One thing seems certain. However the Brexit negotiations evolve; whatever deal emerges at the end of it, everyone will be disappointed. Many will be angry. And the anger will inhabit both the Brexiteers and the Remainers.
Brexit has accentuated one over-riding feature of the British political system – its obsessively adversarial nature and its inability to compromise – at least in public. The nature of the campaigns during the referendum and the subsequent public discourse have turned the usual adversarial politics into a deep-seated, visceral antagonism between the two sides. Even the Commons committee on exiting the EU has failed to find a common position. Six Conservative members of the committee have refused to sign the final report.
And it is here that Theresa May has failed – and failed dramatically. Since she entered Downing Street, she has done nothing to try to bring the two sides closer together. She may have judged that such a thing was simply impossible. Yet she could have occupied the high ground herself, refused to get into the constant mud-slinging and instructed her ministers to do the same. She could have acknowledged that there were valid arguments on both sides that needed to be listened to and a compromise found that was in the best interests of the whole country. She did none of that. The country is more split than ever and Scotland may be lost.
It is not quite clear why Mrs May made these choices. Maybe she does really believe that ‘no deal is better than a bad deal.’ Or that adopting that stance was more likely to move the EU to give her a better deal. Or maybe she overestimated her own domestic power and her team’s ability to craft, in two years, a perfect deal in what is surely one of the most complex set of negotiations ever undertaken. Or maybe it was weakness. Like John Major before her, she may have felt hostage to the extreme Brexiteers within her own party and was too risk-averse to call an early election in the hope of increasing her majority and diminishing the power of the extremist fringe.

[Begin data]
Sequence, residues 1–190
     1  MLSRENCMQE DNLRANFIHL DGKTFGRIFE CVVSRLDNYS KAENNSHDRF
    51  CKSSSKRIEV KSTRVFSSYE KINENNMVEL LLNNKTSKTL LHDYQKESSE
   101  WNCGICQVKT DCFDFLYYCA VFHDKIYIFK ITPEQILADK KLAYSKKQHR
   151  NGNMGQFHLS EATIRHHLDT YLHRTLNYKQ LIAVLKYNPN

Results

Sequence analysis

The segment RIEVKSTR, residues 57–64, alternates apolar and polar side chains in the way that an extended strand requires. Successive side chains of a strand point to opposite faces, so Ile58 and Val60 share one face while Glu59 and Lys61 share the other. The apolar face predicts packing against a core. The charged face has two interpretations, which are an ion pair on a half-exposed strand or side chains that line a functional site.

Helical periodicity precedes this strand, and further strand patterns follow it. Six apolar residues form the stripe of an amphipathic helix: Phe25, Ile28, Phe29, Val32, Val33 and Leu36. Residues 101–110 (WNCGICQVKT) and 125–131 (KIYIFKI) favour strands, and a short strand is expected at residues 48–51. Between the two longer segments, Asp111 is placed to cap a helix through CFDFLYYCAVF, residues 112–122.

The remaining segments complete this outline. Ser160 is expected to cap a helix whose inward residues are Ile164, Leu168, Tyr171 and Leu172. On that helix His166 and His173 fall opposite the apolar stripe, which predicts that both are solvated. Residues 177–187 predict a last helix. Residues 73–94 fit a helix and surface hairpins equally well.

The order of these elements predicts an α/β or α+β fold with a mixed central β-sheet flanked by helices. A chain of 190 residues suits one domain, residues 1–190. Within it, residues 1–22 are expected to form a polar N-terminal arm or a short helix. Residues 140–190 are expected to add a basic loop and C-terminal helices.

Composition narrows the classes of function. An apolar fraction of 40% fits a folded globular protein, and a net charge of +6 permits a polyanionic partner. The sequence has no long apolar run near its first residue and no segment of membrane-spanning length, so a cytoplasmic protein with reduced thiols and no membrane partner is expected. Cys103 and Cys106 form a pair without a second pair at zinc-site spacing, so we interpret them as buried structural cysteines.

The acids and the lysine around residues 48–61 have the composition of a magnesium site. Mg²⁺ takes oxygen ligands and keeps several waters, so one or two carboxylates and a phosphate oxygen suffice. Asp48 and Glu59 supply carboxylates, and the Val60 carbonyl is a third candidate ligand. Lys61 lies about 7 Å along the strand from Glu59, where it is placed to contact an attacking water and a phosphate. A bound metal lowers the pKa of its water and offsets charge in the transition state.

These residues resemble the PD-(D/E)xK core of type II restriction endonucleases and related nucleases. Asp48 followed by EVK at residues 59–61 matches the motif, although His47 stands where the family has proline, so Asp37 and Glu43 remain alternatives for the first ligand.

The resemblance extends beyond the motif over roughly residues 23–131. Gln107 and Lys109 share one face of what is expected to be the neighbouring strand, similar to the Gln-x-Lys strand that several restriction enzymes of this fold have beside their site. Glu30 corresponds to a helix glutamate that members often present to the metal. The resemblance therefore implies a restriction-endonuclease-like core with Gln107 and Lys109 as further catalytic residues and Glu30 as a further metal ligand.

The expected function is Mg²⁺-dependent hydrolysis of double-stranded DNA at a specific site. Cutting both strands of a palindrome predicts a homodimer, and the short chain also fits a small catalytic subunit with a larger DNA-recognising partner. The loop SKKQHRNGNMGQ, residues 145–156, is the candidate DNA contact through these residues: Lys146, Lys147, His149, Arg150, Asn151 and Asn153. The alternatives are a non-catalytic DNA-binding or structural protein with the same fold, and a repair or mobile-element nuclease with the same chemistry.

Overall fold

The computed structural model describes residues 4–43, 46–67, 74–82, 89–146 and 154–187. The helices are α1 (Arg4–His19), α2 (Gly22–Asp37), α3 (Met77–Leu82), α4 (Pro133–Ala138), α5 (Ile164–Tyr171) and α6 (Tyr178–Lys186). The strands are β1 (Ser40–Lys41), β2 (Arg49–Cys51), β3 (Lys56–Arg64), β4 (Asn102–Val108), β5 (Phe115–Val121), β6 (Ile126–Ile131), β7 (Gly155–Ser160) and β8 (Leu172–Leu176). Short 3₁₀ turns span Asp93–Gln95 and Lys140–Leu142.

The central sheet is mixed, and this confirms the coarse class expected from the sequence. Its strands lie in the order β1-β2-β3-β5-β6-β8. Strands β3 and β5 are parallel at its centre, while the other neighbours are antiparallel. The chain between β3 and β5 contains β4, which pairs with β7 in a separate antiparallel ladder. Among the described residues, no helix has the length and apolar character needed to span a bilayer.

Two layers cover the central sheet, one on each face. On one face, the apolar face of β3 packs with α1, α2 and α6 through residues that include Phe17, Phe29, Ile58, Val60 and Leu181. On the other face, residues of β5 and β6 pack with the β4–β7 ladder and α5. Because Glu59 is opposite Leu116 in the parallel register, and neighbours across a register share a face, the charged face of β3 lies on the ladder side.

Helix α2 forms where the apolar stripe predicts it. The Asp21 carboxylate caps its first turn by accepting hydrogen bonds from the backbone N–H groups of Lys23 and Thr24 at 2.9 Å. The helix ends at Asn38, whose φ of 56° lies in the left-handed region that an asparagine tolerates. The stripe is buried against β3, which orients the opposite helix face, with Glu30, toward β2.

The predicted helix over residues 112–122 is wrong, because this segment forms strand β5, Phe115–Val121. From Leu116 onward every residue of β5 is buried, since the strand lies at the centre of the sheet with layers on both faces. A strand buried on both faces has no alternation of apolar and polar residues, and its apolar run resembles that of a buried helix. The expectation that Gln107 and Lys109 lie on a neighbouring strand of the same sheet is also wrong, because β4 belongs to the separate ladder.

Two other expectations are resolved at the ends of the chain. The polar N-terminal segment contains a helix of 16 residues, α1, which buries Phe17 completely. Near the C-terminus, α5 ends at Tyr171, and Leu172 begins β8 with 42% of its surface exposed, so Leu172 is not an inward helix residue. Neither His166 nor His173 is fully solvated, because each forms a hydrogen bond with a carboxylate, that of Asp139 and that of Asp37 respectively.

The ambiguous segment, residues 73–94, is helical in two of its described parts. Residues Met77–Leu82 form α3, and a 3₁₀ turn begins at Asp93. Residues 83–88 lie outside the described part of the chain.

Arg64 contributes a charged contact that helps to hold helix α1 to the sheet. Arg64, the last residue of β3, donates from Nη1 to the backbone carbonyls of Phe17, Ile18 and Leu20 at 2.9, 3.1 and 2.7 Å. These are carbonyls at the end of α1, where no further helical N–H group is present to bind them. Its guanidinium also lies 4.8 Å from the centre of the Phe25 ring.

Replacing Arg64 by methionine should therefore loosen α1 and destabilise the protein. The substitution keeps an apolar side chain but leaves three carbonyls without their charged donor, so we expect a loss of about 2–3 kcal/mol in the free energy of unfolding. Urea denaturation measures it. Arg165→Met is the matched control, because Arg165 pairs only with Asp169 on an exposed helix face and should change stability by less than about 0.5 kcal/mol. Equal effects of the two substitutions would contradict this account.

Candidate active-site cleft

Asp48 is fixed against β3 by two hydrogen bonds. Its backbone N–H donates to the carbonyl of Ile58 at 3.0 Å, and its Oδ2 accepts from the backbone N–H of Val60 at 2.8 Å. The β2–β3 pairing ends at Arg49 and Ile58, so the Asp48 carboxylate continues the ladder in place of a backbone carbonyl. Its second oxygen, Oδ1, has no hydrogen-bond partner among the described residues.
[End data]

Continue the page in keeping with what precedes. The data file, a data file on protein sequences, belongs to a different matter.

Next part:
In attempting the unachievable personal control over compromise and consensus; in choosing technocracy over statesmanship, Mrs May has set herself up to fail. There is no way that she can please everyone – or even a significant majority. It is almost certain that she will leave everyone dissatisfied. The question is whether the damage will be limited to disappointment, dissatisfaction and anger, with inevitable personal political consequences, or whether she will end up taking the UK economy down with her.
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